(Speaking of health... Sanders made it a point to mention that, despite his recent heart attack, His doctors have assured him that he is in great shape to run for President.)
Capitalism vs. Socialism
One of the major divides in the Democratic 2020 campaign is capitalism versus socialism. Sanders referred to an “immoral distribution of wealth” which causes “so many of our workers to feel like cogs in a machine.” Warren claimed that she has fought for unions (and for students...shades of “free college for all”?) for years. Klobuchar, on the other hand, stated, “I believe in Capitalism,” with a caveat: “but there should be a check on that.” She went on to note that “Trump signed the tax code that helps the wealthy.”
On the issue of climate change, Warren contended that the two reasons why we’ve been unable to effect climate change are corruption and filibuster. Part of her solution would be to tax the top one-tenth of the one percent of wealthiest Americans. She went on to state that most of the toxic waste dumps in this country are located in “communities of color” and that we need to “level the playing field.”
Biden pledged to “eliminate all the subsidies we have for oil and gas.” He added that he would invite the members of the Paris Accord to Washington and also would “make it clear to China that they will suffer if they continue practices that damage the environment.”
Bloomberg noted that “The world is coming apart faster than any scientific study has predicted“ and contended that he has always been against red-lining. He emphasized the fact that he is giving his money away to make this country better. “I worked very hard for it, and I’m giving it away.”
Buttigieg said that he has a plan to get this country carbon neutral by 2050. He ironically noted that, currently, “The number one place to live out the American Dream is Denmark.”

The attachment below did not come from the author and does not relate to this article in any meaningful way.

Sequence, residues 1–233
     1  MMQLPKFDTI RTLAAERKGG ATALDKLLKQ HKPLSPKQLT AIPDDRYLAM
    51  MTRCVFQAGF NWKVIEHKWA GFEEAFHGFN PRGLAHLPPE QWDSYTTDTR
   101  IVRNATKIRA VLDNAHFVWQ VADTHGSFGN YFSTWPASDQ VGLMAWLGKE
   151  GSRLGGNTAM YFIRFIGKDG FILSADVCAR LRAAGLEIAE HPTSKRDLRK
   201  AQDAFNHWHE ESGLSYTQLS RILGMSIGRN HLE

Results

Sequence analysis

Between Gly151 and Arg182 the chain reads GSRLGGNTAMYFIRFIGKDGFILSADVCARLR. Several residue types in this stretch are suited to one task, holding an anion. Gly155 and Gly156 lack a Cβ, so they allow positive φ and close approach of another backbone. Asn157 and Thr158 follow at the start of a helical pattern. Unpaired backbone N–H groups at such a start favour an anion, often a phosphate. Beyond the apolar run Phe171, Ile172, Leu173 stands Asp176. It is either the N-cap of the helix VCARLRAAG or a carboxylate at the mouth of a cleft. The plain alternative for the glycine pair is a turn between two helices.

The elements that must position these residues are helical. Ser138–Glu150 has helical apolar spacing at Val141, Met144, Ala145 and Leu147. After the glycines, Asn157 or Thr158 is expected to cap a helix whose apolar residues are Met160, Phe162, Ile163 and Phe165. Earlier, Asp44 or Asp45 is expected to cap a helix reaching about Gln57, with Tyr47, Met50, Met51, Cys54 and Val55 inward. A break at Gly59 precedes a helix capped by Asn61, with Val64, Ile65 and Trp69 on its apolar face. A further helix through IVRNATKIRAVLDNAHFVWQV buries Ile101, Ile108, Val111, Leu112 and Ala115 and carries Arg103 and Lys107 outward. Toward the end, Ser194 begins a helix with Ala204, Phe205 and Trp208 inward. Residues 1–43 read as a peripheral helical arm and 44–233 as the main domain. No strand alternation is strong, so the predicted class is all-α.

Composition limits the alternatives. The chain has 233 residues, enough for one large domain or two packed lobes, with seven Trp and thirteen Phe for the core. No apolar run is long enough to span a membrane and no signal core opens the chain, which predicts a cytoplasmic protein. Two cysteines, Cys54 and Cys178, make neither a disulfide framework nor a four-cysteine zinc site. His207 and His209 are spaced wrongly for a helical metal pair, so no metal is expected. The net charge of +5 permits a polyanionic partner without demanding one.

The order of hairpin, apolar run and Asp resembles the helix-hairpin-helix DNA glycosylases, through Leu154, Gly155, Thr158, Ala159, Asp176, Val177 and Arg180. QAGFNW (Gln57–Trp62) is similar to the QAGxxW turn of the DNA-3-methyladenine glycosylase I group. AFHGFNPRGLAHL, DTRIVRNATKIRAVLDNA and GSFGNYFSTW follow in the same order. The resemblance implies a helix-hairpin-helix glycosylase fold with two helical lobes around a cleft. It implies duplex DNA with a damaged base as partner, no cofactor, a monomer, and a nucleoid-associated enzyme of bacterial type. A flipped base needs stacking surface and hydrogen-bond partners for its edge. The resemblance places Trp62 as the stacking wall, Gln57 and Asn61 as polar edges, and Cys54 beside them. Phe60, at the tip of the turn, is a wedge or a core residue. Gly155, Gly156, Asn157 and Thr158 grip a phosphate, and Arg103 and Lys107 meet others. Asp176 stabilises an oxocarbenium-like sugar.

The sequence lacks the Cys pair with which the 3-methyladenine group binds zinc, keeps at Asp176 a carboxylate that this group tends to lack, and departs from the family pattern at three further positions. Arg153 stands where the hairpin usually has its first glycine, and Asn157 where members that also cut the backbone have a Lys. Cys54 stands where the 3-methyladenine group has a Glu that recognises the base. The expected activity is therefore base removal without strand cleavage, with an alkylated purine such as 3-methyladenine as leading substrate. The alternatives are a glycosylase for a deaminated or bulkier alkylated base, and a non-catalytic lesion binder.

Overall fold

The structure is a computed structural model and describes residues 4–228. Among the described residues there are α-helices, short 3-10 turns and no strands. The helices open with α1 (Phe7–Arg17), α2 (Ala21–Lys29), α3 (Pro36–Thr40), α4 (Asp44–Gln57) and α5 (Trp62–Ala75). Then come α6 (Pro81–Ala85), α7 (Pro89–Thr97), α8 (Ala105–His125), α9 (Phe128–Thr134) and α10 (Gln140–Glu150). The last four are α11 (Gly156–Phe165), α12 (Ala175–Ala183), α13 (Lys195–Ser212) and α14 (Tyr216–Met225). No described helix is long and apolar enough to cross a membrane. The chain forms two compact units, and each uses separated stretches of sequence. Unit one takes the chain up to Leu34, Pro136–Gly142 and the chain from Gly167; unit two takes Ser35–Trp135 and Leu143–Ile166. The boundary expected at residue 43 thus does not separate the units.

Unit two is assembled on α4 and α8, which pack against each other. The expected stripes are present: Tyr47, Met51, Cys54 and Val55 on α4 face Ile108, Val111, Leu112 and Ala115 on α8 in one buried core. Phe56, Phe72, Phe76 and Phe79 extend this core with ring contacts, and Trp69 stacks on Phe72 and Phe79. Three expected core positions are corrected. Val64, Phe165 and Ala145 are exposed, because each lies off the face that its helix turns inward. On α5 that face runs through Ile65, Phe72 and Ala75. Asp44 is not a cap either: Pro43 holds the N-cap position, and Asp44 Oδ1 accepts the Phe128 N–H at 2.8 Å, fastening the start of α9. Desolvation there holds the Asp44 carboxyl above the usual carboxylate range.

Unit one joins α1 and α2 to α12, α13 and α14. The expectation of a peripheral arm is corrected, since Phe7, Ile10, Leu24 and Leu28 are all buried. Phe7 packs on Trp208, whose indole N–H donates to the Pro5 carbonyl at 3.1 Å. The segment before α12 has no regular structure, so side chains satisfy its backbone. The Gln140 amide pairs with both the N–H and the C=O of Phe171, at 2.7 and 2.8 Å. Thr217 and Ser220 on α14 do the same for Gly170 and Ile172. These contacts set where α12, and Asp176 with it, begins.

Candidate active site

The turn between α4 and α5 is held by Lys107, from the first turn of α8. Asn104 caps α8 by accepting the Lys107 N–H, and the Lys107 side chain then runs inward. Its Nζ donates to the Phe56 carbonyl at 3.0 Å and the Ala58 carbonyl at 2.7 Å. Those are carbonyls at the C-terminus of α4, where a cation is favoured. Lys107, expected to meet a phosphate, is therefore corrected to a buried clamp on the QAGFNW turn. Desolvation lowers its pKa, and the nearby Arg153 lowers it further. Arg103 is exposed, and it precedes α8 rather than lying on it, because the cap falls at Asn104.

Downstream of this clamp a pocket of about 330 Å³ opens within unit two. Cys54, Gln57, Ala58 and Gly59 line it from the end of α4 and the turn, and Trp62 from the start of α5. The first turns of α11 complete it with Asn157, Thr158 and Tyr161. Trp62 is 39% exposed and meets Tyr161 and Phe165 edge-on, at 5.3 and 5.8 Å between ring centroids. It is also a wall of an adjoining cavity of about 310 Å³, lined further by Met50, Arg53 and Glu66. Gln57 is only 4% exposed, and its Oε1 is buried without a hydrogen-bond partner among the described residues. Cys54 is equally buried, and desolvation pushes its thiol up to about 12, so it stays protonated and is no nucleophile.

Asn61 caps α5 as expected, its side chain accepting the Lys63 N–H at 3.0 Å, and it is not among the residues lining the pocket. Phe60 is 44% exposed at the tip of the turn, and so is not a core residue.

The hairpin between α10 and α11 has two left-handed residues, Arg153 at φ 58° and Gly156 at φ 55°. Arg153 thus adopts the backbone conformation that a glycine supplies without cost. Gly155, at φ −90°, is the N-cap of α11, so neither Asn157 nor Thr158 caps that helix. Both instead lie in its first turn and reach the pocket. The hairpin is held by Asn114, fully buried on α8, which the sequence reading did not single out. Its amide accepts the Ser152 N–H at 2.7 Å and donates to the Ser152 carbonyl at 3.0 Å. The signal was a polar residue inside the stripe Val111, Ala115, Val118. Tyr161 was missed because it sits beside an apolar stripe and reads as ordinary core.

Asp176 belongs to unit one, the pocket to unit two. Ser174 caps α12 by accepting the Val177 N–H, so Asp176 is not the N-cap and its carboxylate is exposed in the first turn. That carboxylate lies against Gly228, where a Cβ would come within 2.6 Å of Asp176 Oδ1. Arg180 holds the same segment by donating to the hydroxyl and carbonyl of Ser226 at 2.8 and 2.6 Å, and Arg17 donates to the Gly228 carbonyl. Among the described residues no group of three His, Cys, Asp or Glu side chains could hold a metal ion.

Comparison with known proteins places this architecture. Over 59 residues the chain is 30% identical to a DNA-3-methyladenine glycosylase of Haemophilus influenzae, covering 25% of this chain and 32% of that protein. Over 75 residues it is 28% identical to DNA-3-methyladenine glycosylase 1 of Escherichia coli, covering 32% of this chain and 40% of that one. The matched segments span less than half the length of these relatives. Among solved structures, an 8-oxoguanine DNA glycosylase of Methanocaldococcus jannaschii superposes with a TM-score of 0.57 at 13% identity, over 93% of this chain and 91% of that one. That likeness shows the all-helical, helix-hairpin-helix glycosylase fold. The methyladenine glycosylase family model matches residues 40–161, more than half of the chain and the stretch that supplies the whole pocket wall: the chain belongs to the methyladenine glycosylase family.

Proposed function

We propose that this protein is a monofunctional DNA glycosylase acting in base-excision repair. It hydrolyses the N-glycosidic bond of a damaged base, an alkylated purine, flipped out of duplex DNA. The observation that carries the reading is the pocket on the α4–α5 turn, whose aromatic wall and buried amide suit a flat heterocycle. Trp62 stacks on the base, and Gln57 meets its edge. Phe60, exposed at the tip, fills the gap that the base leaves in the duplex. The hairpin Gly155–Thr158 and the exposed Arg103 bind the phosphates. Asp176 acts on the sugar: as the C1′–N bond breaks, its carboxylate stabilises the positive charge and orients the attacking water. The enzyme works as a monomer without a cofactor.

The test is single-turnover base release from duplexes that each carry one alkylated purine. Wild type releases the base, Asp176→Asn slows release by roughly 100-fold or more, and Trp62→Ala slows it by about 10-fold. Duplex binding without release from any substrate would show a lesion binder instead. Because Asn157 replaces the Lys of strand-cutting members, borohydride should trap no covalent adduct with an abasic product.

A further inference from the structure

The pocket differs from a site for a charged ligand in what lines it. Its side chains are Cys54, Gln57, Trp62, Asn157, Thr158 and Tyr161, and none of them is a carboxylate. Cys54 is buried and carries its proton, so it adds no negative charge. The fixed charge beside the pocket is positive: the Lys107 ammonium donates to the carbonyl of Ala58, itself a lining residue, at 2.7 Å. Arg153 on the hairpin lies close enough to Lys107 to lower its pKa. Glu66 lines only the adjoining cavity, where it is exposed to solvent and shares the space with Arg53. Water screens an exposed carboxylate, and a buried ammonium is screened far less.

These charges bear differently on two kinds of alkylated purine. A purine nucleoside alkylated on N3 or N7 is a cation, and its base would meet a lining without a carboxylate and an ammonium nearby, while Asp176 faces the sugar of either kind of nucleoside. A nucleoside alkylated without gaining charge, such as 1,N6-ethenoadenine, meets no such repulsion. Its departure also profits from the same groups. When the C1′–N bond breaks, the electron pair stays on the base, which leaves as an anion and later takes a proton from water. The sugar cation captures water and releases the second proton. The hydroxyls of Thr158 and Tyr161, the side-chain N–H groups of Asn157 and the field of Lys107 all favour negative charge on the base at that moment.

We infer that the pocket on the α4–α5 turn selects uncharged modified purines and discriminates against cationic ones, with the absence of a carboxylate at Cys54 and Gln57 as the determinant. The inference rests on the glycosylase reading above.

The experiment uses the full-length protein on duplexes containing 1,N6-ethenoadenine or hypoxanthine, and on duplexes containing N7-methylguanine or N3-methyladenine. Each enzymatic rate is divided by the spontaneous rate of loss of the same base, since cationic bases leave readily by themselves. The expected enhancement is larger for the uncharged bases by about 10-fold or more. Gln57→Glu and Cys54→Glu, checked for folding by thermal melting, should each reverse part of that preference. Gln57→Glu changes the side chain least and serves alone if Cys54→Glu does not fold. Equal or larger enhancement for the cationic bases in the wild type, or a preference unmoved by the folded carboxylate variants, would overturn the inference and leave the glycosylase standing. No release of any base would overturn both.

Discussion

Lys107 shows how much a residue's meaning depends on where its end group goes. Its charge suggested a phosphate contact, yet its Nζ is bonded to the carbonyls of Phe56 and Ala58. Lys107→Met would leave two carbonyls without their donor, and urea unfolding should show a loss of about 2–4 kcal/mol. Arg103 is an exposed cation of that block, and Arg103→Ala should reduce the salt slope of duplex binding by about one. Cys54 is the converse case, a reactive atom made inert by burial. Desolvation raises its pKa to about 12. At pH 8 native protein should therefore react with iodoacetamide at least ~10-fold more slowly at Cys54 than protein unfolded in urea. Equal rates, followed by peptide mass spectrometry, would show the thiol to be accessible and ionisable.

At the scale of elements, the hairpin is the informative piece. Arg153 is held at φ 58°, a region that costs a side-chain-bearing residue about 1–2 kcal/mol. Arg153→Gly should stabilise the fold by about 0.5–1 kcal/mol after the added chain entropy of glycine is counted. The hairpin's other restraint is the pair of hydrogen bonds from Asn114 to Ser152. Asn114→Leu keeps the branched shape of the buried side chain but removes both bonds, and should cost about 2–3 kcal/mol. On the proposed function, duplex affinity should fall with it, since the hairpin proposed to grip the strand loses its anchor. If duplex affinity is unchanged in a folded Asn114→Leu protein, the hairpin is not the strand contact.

Debate or Debacle?
During this debate, unlike some of the others, the candidates were not afraid to pull any punches (aside from when Elizabeth Warren coming to Amy Klobuchar’s defense when one of the moderators continued to lambast Klobuchar for forgetting the name of the president of Mexico.)
It seemed like they finally came to the realization that if they hope to win the Democratic nomination, they must be contenders, not comrades...which probably is why this debate was far more contentious than any of the previous ones. Where will this change in tactics lead them? Only time will tell.
Patricia T Lowe on February 23, 2020:
Thanks so much for your comments, John. You’re right: The amount of money the candidates spend is unbelievable. It sounds like Australia might have a better way of doing things!
John Hansen from Queensland Australia on February 23, 2020:
As an outsider I find the US political competition for party nomination intriguing.The amount of money spent by the candidates on their campaigns must be staggering.
Here in Australia the people don’t vote for or select the candidates who will represent a party. The party members themselves just choose who will lead them and the only time the people get a say is to vote at the election into which party will lead the country and subsequently who will become Prime Minister.
I found this article interesting. Thanks for sharing.